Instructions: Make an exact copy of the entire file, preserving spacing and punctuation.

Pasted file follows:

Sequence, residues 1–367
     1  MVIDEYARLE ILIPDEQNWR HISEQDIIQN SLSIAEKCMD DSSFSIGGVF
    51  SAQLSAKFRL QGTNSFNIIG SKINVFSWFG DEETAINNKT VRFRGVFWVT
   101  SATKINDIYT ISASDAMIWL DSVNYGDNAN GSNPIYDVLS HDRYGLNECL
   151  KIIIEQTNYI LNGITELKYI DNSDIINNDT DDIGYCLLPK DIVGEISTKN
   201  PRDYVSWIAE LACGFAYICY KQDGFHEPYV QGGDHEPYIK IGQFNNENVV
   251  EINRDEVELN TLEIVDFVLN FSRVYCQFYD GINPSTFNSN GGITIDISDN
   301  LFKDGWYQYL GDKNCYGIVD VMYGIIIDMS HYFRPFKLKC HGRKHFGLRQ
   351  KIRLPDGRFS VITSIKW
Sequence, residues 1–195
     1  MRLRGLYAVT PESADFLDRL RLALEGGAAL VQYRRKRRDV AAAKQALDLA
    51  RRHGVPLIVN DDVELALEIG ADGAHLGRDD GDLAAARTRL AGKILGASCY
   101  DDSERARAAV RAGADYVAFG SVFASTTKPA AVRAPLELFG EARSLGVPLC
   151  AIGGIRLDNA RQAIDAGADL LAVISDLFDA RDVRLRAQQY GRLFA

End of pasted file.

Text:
Sequence, residues 1–367
     1  MVIDEYARLE ILIPDEQNWR HISEQDIIQN SLSIAEKCMD DSSFSIGGVF
    51  SAQLSAKFRL QGTNSFNIIG SKINVFSWFG DEETAINNKT VRFRGVFWVT
   101  SATKINDIYT ISASDAMIWL DSVNYGDNAN GSNPIYDVLS HDRYGLNECL
   151  KIIIEQTNYI LNGITELKYI DNSDIINNDT DDIGYCLLPK DIVGEISTKN
   201  PRDYVSWIAE LACGFAYICY KQDGFHEPYV QGGDHEPYIK IGQFNNENVV
   251  EINRDEVELN TLEIVDFVLN FSRVYCQFYD GINPSTFNSN GGITIDISDN
   301  LFKDGWYQYL GDKNCYGIVD VMYGIIIDMS HYFRPFKLKC HGRKHFGLRQ
   351  KIRLPDGRFS VITSIKW
Sequence, residues 1–195
     1  MRLRGLYAVT PESADFLDRL RLALEGGAAL VQYRRKRRDV AAAKQALDLA
    51  RRHGVPLIVN DDVELALEIG ADGAHLGRDD GDLAAARTRL AGKILGASCY
   101  DDSERARAAV RAGADYVAFG SVFASTTKPA AVRAPLELFG EARSLGVPLC
   151  AIGGIRLDNA RQAIDAGADL LAVISDLFDA RDVRLRAQQY GRLFA